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The summer is in full swing for most of us and those who for whatever personal or institutional reason (try to) maintain a research program are turning our thoughts to what we want to accomplish before classes start again. It’s exciting to be able to devote ourselves more fully to our writing and research, but the summer poses not only that opportunity but its own set of challenges: with so much unstructured time and so many appealing distractions it can easily slip away.
Two long-time SCS members were among the 33 scholars and leaders in other fields elected this year to membership in the American Philosophical Society, the oldest learned society in the United States. They are
- Sarah B. Pomeroy, Distinguished Professor of Classics and History Emerita, City University of New York
- Richard J. Tarrant, Pope Professor of the Latin Language and Literature, Harvard University
We congratulate Professors Pomeroy and Tarrant on this high honor.
In accordance with the Board’s direction, yesterday Executive Director Adam Blistein submitted the filings necessary for the legal change of the Association’s name to Society for Classical Studies. We are, of course, announcing the advent of this transition first to the membership; but will also distribute a press release to relevant organizations, publications, and individuals within and outside the field of Classical Studies. We expect to receive confirmation of the name change from the State of Delaware (where we are incorporated) in about a week, and the new name will gradually appear in stationery and our credit card and checking accounts over the coming month.
I am pleased to share with you the new logo in the attached PowerPoint document that shows several versions of the logo as it will appear in various media and on our new stationery. As directed by the Board, the Name Change Committee began planning for our organizational transition to the Society for Classical Studies and started the process of logo design in October 2013. We have devoted almost eight months to this effort in order to give the transition the careful deliberation warranted by such a momentous change.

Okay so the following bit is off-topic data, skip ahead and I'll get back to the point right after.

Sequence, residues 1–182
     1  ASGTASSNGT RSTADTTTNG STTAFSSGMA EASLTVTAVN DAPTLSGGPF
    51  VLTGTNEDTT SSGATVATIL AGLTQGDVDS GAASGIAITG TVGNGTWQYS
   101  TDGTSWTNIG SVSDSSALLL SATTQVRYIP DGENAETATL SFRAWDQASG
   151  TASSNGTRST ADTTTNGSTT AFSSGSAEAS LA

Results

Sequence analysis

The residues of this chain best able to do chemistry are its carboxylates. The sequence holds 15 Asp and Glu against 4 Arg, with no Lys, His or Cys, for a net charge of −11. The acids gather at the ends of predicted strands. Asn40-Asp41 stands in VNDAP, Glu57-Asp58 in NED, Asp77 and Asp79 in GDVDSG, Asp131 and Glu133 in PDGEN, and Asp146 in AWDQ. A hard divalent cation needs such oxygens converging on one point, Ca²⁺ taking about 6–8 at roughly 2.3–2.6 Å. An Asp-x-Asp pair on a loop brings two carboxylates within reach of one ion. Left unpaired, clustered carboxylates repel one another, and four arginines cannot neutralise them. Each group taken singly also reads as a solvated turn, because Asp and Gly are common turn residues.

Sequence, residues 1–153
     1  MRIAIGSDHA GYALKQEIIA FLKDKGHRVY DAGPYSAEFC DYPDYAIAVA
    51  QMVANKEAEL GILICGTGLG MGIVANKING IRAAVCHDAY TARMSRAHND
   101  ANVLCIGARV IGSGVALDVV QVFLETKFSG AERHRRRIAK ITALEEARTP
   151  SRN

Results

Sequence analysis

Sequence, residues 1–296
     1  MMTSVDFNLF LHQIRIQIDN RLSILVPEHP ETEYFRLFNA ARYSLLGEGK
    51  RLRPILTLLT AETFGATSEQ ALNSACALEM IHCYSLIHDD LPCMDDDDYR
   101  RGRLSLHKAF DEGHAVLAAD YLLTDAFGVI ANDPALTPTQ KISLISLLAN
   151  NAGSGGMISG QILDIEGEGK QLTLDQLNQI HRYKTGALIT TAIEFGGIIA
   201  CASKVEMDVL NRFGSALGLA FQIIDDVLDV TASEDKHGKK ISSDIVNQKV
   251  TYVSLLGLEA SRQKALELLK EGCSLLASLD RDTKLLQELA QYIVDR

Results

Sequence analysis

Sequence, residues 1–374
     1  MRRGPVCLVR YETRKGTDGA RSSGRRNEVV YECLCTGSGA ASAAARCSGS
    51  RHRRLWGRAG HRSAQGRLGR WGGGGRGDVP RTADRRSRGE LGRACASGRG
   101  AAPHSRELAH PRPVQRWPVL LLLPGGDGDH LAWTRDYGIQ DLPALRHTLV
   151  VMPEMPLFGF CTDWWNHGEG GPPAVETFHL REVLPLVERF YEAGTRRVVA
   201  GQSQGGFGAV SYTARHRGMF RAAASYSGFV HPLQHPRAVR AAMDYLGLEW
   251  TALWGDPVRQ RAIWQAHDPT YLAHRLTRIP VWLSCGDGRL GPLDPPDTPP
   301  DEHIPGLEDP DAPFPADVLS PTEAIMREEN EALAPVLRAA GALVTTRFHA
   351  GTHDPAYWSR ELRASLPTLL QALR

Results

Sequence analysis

The Pontificium Institutum Altioris Latinitatis of the Salesian Pontifical University will be organizing an International Conference on the vitality of Latin and the methods to teach and learn it: “Studia Latinitatis provehenda. Vitalità del latino ed esperienze didattiche”. The conference marks the 50th anniversary of the beginning of the Institute and will be held in Rome from 7th to 8th November 2014. For further information, please write to email@example.com
Hortensii, a new initiative to tackle the problems facing PhDs without permanent academic positions, has been launched as a result of a survey in which many Women’s Classical Caucus members participated. The survey found a serious problem affecting large numbers of people, but also that there are many things that could be done to improve the situation. A full report of the survey results and suggested action plans can be found at http://hortensii.wordpress.com The project urgently needs volunteers to help implement the suggestions; offers of help will be gratefully received E.Dickey@reading.ac.uk.
As I try to wrap up a busy year in the dean's office, I want to post the graduation address I delivered last week to the NYU College of Arts and Sciences. This was a chance to try to usethe Roman world to get people thinking afresh about liberal arts education. How can we create more such moments (that don't rely on graduation ceremonies)? What would you say to audiences outside of academia? How can I improve my own argument? (Do keep in mind that I had less than ten minutes to address a body of parents, graduates,and faculty, and it's a celebratory event.)
Deputy President Yu, Dean Starr, my distinguished faculty colleagues, students of the great Class of 2014, and finally an audience I am especially pleased to address, our students' parents, family members, and friends: thank you. It is a great honor and a frank pleasure to speak to you on this day of celebration.